A few weeks ago I was walking in downtown Rio. I had the afternoon free, and was taking advantage of it by visiting one of the free art exhibits at the Federal Justice Cultural Center. The featured artist, Sergio Chavez, uses cardboard, trash, and found objects as a medium to sculpt objects and scenes from the lives of the common people of Brazil. It’s beautiful, and I like it.* As I walked through and SAW what he made, I was reminded of the lines from U2’s song “Grace…”
~ “Grace finds goodness in everything… Grace finds beauty in everything… Grace makes beauty out of ugly things…”
I love the praxis of Sergio making art – beauty – out of trash.
Later that afternoon, I walked up Avenida Rio Branco, heading for a coffee shop and a quiet place to write. As I darted across one of the streets, dodging cars, bikes, trucks, taxis, and the occasional rabid pigeon (you might think that not being mammals, pigeons can’t get rabies… Let me just say you’ve never met Rio’s pigeons. Rats with wings… but I digress), I saw her walking ahead of me. I don’t remember what she was wearing, or much about what she looked like. The first thing I saw were the scars. Across half her neck. On one of her arms. Her back. Her leg. One of her cheeks, moving up the side of her face towards her temple. Thick, ropy scars that, though faded and softened with time, still traced livid tracks across her body.
I’ve always been attracted – maybe even captivated – by contrasts. It’s one of the things I love most about photography – and seeing the contrast of this young woman, her scars in tension with her poise, smile, and evident grace, was a thing of beauty. Her grace was beautiful – no self-consiousness, no covering up of her scars, but an acceptance and transcendence of them.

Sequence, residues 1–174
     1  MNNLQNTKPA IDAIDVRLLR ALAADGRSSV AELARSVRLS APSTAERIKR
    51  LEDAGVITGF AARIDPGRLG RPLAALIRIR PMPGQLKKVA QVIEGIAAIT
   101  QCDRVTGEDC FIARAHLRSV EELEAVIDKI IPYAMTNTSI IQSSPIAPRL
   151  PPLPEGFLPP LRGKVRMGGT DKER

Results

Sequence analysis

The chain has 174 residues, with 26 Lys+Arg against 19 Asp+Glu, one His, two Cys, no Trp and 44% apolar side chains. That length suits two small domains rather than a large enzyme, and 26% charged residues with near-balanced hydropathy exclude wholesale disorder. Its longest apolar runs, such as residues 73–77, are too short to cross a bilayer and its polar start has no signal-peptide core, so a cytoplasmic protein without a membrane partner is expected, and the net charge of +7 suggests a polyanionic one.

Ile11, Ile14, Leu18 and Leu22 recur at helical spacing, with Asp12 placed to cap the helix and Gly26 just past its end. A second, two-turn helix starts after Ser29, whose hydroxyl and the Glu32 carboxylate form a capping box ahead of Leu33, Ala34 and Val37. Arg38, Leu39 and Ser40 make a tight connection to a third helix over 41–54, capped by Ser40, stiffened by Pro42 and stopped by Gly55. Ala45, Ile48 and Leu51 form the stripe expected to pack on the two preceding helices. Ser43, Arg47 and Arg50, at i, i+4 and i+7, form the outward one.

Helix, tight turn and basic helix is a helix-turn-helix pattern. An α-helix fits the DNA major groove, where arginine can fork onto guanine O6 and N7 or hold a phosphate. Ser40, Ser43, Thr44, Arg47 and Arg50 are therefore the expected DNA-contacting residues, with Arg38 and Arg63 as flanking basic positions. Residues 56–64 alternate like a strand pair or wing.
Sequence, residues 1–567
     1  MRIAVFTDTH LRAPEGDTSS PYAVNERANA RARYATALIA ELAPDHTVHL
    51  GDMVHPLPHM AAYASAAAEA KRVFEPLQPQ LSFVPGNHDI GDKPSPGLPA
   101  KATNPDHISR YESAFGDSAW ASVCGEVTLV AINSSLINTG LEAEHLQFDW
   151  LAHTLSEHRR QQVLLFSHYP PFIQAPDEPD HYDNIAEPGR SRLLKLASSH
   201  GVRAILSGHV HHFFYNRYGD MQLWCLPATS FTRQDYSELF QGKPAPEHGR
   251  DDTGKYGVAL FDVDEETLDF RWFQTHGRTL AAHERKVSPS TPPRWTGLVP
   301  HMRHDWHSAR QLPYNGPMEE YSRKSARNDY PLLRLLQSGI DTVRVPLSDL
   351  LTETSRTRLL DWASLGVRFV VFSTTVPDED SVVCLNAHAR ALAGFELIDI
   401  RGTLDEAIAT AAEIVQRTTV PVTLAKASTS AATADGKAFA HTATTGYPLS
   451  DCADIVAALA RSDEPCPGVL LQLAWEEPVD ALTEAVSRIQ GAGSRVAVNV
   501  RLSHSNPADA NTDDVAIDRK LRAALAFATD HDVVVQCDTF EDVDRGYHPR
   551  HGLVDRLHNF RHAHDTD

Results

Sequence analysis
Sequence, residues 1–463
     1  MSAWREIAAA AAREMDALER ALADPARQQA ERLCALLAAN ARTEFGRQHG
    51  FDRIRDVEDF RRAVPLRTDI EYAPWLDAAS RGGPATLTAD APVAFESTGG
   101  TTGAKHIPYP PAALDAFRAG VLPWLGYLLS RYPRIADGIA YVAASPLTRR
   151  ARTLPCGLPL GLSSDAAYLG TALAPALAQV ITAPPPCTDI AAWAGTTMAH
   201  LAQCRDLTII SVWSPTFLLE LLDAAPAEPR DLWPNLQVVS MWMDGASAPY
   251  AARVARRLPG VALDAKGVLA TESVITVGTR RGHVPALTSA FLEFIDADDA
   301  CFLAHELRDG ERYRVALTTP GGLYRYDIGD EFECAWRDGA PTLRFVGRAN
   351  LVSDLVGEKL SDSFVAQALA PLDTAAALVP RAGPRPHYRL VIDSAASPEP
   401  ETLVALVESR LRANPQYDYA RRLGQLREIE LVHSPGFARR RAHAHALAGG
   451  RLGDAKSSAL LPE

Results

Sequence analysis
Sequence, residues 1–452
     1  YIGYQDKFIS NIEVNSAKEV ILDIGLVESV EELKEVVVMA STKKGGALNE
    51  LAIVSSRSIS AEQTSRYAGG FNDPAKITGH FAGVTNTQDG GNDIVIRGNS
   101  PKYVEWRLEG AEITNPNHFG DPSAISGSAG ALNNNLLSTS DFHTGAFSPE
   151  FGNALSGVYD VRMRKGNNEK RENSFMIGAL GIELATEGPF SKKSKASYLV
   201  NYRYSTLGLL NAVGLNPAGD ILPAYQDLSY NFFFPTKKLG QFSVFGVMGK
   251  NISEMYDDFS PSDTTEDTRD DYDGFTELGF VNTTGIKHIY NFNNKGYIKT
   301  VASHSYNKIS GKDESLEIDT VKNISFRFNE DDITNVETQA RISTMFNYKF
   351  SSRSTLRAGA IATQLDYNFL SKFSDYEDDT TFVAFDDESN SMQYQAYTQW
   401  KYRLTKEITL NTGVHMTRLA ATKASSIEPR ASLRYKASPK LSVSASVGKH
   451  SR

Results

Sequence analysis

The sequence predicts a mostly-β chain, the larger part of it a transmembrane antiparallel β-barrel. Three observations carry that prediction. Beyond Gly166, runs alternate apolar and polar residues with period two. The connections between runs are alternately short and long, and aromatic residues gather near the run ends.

Our kids on the street have many scars – knives, broken glass, razors and rocks will slice through skin and muscle. Cars and busses, soccer games, fights, and abuse by drunken parents leave broken bones, sprained and swollen arms and legs, bruises dark and tender. And then there are the scars you can’t see – the scars of being unwanted, unloved, rejected by society, or just plain ignored. People are afraid of them. People don’t want them around. People pretend not to see them. Scars from those wounds last just as long.
Yet Grace takes these broken lives, and finds the beauty in them. We sit with them on the street because we love them. We break up fights because we love them. We bandage their wounds, listen to their stories, remember their birthdays… because we love. We want the best for them – to leave the streets, the drugs, the addictions and poor choices… because we love.
Ultimately, I am a creature of hope… I want to believe that as they soak up grace, change will come. I want to believe in redemption, in the future day when God will make all things new. Sometimes, I catch a glimpse of it… but I am still thirsty. I will keep walking towards the well of water that won’t run dry though. And maybe, one of these days, we’ll all find it together… Until then, such glimpses of grace like the girl with the scars and the smile help keep me living and loving…
May we find beauty – or learn to make beauty – out of everything as we learn to see through grace-stained eyes…
*For more pictures of Sergio Chavez’s work, go here or here. For an article in English, with a bit of analysis of his work (as well as a bit of Paulo Freire-ian subtext, which brings joy to my heart) go here…